As far as I can tell, the entire writeup follows this pattern. Any presentation of opinion is first preceded by a distractingly hyperbolic aphorism (like “A DANGEROUS OUTDATED DOCTRINE,” caps sic) and then by a fast blur of facts. While argument needs facts to support it, said facts are only helpful if we the reader are told clearly why they are presented and how they will be given to us, in advance.

Jumping up a level of detail, the writeup’s flow manages to destroy any credibility the argument might have garnered through the thoughtful inclusion of referenced factual material – something the author has, in fact, done. The problem is that most of the factual references are not constructive reasoning or presented as evidence to support such – rather, they are used to create an ambiguous atmosphere of horror, guilt, fright and anxiety. Any actual opinions presented always occur at the end, both in the cases of paragraphs and of the writeup; as a result, the paper comes across as not a reasoned argument but a summary of the personal opinions of the writer, with disjointed contextual exposition of said opinions. In short, “THIS IS BAD! BAD MEANS EVIL! (um, how?) THUS WE’RE BEING EVIL! WE MUST CHANGE BECAUSE BEING GOOD IS BETTER!”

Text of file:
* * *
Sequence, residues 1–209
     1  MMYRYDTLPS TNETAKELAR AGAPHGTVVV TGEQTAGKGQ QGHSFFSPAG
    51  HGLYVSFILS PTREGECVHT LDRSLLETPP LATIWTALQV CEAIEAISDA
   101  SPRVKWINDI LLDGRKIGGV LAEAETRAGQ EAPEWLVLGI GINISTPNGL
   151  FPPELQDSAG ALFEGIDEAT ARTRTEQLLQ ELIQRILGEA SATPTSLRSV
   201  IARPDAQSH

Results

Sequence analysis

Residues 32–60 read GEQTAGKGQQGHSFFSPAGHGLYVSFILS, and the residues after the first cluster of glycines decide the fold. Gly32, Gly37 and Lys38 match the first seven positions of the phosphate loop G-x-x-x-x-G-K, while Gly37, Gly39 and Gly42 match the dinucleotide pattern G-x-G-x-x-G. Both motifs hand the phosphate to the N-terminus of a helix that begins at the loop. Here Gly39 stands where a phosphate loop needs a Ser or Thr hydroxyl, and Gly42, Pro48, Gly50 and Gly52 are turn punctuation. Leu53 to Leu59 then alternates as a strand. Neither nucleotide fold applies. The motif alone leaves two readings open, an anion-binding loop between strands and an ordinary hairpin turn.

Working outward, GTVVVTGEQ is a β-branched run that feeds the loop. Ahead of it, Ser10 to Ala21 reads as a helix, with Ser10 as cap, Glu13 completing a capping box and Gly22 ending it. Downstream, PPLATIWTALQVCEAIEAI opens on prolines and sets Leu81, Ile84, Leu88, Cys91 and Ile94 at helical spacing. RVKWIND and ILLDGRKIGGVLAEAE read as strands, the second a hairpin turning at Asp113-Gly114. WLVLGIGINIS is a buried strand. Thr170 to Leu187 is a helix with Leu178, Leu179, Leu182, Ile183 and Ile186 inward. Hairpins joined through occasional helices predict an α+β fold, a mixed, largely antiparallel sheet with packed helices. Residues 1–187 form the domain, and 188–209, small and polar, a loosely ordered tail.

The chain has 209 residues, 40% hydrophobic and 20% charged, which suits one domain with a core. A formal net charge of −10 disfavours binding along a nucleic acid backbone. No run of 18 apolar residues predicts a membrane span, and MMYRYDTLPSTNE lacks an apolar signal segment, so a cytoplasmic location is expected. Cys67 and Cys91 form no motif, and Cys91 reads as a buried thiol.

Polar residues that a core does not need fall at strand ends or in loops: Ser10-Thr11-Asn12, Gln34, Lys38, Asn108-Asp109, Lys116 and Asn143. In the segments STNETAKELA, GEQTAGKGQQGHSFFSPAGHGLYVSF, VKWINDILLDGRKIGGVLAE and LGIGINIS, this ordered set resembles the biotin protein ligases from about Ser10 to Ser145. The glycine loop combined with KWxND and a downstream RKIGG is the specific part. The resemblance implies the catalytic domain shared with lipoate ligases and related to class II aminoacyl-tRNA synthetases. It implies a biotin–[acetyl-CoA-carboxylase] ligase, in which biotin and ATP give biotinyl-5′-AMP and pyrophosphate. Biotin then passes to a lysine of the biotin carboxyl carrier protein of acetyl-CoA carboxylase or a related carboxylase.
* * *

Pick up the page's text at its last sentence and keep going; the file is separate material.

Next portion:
I’ve gone on far too long, I realize, but I have to at least make an attempt to do what I set out to, which is argue this on its merits. First of all, i would point out that the writer seems to suffer confusion between the terms First Use and the separate concepts of Pre-emptive First Strike, Launch On Warning and unprovoked attack. In addition, there is confusion between nuclear weapons and WMD; the former is a subset of the latter. I bring this up because the paper seems to be unclear on the relative evils of the ‘first use’ (whatever that means) of WMD vs. nuclear ordinance.

No First Use means, simply and sweepingly, that the U.S. would deliberately and credibly cede the advantage of the first use of nuclear weapons to its opponents. In other words, we would be offering the world the equivalent of ‘Take your best shot.’ We’d be betting that our opponents, who by definition (if they take the shot) don’t have qualms about killing large numbers of people or even simply releasing the nuclear genie, are simultaneously rational enough and of similar enough mind to us to think to themselves (beforehand) “Gee, no matter what we do, they’ve got a second strike, so I guess we shouldn’t try.”


If, in fact, one is patently unable to compete with an opponent on WMD force levels and availability, then there is NO PENALTY to making such a pledge. Your first strike (ref. China’s handful of long-enough range ICBMs aimed at the U.S. mainland) is incapable of doing crippling damage, and everyone knows it; or at least, your own rationality is called into question if you don’t! Ergo, in a unipolar world, it is logical for every nuclear power save one – the largest – to undertake this action since it is relatively costless and serves to restrict the range of options of the unipole power. However, the unipole must deal with the nonzero probability that at least one player other than itself will acquire these weapons and be irrational enough to be looking for ways to ‘get away with’ using them against the hated superpower. Or, worse yet, be willing to sacrifice tens, hundreds, thousands, millions of human lives to achieve its objective. Keep in mind; typically, those sacrifices aren’t even members of the superpower polity; they’re people of the challenger’s own polity or group!